Even on an historic night for both, Hillary and Bill Clinton could not avoid a media controversy not of their own making.
For the first time, a woman was nominated to be a major party presidential nominee. For the first time, too, a former president was speaking on behalf of his spouse at a convention.
By and large, it would appear a simple proposition: Lead with news of her nomination and some photo of her if one were available. But that was complicated by both Bill's notable speech and, in particular, its length, which pushed her brief appearance by satellite to slightly later than planned, just after 11 p.m. Eastern time.
So for the likes of The Wall Street Journal, it meant using a photo of Bill for their first edition of the print paper. Hillary had not yet appeared, and the paper wanted a live photo from the event. They switched out the shot of Bill for one of her in its later edition, with that later version the one actually arriving in Philadelphia:
— Pat Kiernan (@patkiernan) July 27, 2016
For the likes of The New York Times, the decision was to use a shot from the floor of the convention with joyous Clinton supporters and a placard, "Girl Power," after she was officially made the nominee:
The top of the front page of The New York Times for July 27, 2016 pic.twitter.com/1XE4NICI8N
— Linda Newmai (@lindanewmai) July 27, 2016
It would all seem pretty straightforward. But little is, especially on social media, and there was kvetching from some quarters over front-page photos featuring Bill rather than Hillary:
simple proof of enduring sexism: no Hillary, or even a woman, on the front page after 1st woman nominated president pic.twitter.com/FvkxDfOAJK
— Anne Helen Petersen (@annehelen) July 27, 2016
— Goldie Taylor (@goldietaylor) July 27, 2016
Hillary Clinton, first woman to win the presidency! Let's put a big pic of her husband on the front page! pic.twitter.com/hRzu9VxuSE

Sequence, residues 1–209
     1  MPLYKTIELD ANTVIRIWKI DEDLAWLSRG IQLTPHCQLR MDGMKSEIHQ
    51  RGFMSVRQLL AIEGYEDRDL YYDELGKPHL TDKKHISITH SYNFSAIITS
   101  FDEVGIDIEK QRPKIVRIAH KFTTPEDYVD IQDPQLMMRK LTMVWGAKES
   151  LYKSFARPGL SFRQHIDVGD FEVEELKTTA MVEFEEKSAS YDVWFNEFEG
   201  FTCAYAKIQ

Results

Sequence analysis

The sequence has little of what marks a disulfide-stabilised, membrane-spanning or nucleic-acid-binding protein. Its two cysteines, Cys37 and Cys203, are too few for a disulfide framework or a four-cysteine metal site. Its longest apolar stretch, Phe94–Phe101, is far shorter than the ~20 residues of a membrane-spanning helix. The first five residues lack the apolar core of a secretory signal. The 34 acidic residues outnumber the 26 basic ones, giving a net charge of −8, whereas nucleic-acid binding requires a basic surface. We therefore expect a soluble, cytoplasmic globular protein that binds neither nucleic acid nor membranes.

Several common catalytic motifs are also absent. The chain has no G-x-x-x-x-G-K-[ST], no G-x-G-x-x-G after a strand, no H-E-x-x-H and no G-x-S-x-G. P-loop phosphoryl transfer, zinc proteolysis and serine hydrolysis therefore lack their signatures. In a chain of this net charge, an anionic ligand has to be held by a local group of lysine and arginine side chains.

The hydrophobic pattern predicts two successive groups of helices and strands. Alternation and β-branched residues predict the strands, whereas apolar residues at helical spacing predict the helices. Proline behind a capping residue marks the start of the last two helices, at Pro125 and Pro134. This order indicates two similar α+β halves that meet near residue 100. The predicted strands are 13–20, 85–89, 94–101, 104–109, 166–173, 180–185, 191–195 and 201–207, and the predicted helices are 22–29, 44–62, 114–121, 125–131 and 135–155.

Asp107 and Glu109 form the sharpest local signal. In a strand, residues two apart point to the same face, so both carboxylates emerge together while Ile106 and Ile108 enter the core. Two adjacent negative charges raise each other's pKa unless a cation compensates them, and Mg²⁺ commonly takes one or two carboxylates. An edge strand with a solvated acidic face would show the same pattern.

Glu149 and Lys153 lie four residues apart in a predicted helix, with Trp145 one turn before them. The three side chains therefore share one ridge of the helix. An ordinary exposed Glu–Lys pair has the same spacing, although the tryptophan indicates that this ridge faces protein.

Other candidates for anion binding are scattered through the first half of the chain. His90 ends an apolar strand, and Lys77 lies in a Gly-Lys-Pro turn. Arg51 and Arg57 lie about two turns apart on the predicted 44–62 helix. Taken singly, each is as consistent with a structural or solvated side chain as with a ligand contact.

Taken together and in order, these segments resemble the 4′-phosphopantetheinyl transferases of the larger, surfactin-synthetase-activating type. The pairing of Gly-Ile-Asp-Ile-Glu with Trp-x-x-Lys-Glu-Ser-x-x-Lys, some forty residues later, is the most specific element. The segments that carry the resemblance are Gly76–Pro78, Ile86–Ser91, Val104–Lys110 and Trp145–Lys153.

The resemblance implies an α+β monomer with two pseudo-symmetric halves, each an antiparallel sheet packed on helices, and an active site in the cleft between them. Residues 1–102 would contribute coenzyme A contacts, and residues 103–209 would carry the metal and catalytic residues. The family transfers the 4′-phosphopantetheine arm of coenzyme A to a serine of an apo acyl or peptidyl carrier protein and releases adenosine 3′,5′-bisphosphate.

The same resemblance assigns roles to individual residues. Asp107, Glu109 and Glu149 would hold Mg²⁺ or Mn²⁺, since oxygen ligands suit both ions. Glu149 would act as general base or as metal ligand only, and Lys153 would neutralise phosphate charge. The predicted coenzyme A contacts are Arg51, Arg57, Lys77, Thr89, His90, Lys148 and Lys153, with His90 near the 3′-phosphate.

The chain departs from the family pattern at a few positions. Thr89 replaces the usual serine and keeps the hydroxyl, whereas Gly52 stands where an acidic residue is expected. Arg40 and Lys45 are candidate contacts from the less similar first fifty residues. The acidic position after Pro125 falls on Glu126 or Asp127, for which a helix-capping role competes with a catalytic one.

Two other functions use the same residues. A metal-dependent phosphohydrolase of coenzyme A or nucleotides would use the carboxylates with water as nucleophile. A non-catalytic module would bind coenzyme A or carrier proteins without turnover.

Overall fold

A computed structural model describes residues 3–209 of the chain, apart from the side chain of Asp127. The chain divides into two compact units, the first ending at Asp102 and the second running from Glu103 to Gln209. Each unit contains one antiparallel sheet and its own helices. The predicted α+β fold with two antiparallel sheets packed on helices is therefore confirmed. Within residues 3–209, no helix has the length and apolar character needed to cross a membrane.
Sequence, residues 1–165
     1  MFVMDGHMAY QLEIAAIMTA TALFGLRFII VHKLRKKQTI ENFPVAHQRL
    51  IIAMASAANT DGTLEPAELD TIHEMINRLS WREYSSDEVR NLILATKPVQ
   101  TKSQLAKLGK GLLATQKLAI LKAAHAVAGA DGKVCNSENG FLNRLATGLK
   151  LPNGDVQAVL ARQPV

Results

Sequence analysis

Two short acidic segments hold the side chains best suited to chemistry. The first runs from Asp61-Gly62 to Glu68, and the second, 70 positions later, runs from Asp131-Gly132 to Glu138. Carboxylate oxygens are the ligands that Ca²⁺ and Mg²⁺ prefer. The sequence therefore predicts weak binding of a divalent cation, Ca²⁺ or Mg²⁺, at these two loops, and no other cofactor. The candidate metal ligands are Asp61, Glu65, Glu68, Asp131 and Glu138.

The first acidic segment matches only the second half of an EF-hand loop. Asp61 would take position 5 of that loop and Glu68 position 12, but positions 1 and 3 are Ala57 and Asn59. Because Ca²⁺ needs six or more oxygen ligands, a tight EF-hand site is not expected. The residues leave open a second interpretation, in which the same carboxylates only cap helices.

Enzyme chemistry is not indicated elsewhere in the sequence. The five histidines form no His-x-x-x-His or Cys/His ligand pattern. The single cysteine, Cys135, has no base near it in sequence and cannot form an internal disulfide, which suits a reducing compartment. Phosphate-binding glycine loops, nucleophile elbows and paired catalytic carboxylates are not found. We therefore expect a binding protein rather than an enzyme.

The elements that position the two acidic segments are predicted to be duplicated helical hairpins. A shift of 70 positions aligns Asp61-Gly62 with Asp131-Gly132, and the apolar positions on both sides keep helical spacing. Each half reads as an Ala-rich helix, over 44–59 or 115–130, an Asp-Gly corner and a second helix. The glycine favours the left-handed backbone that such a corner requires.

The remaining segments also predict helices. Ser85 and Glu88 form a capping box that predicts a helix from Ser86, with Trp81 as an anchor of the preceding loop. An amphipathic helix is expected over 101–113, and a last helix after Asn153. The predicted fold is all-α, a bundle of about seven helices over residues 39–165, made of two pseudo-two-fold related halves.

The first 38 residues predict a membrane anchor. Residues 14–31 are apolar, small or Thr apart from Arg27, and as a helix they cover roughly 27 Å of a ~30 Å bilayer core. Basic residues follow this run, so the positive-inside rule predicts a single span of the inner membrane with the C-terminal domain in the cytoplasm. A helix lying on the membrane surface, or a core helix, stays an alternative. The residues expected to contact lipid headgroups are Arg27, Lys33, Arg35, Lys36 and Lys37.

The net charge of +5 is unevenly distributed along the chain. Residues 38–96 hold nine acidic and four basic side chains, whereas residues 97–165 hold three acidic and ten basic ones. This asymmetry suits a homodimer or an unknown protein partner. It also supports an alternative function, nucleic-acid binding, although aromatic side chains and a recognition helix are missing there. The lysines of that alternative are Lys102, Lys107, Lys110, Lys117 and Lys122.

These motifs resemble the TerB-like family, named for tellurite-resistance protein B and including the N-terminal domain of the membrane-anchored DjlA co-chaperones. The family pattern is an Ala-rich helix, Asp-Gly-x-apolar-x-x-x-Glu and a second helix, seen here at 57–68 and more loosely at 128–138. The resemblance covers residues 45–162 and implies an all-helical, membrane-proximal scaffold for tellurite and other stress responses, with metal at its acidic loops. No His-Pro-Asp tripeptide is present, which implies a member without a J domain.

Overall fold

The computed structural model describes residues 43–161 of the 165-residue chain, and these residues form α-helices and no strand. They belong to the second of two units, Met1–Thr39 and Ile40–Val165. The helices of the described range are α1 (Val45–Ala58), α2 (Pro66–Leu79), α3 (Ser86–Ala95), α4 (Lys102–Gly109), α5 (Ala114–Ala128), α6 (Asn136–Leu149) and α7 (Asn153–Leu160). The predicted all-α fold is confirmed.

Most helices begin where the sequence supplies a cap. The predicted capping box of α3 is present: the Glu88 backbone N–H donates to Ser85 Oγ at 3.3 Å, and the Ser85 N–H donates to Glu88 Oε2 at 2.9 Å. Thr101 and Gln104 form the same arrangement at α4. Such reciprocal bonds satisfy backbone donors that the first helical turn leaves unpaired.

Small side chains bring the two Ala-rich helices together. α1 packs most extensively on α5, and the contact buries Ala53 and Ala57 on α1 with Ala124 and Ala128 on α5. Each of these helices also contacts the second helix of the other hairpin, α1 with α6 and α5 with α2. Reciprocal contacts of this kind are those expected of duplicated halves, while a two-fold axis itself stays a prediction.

— kelsey mckinney (@mckinneykelsey) July 27, 2016
Gerald Seib, The Wall Street Journal's Washington bureau chief, had no clue of any kerfuffle when I contacted him. It was the same with several other high-ranking editors at other major papers (one of whom actually used separate photos of both Hillary and Bill).
The Washington Post went with a photo of Bill Clinton because "there was no good photo opportunity," Washington Post spokeswoman Kristine Coratti Kelly said in an email to Poynter.
"Secretary Clinton was on a live video very late in the evening, making for a poor photograph," she said. "Bill Clinton’s speech was the big moment, and another big moment was when Bernie Sanders moved that she be given the nomination by acclamation. So we carried those two photographs."
Nevertheless, Vox cited a Fusion report that in Vox's view "noticed something important about today's newspapers," namely not in some cases using photos of Hillary.
It then qualified that sense of gravity by noting, "Of course it’s true that Hillary Clinton only addressed the DNC briefly through a video Tuesday night. And, having worked in a number of newsrooms, my guess is the editors at these papers wanted to grab a newsy photo from something that happened at the Democratic National Convention last night. That newsy photo ended up, in a lot of cases, to be of Bill Clinton."
Yes, that surely was the case given the hour. And a look at dozens of other papers on the Newseum's site underscored somewhat divergent decision-making. Many used a Hillary photo — even if in some cases it was a file photo or, like the Staten Island, New York Advance, a shot from her Saturday appearance in Florida with running mate Sen. Tim Kaine. Like The Times, some used photos of supporters after she went over the top in the roll call vote.
And, yes, some used a shot from the rambling, affectionate speech of her husband who, even when a warm-up act, can steal a show.
The Washington Post noted the chagrin of some with papers, like The Post, that didn't go with a photo of Hillary.
A majority of the unhappy tweets that I came upon were from women, with a fair number of tweets defending the decision-making coming from men. Several of the latter noted how The Journal had actually used shots of the Trump children on page 1, not their dad, a week earlier when he was nominated at the Republican National Convention.
Is it possible that a gender divide was also in evidence in assessing the p. 1 photos? Perhaps where you stand depends on where you sit — which is all so typical when it comes to the Clintons, America's most famous and frustrating political couple.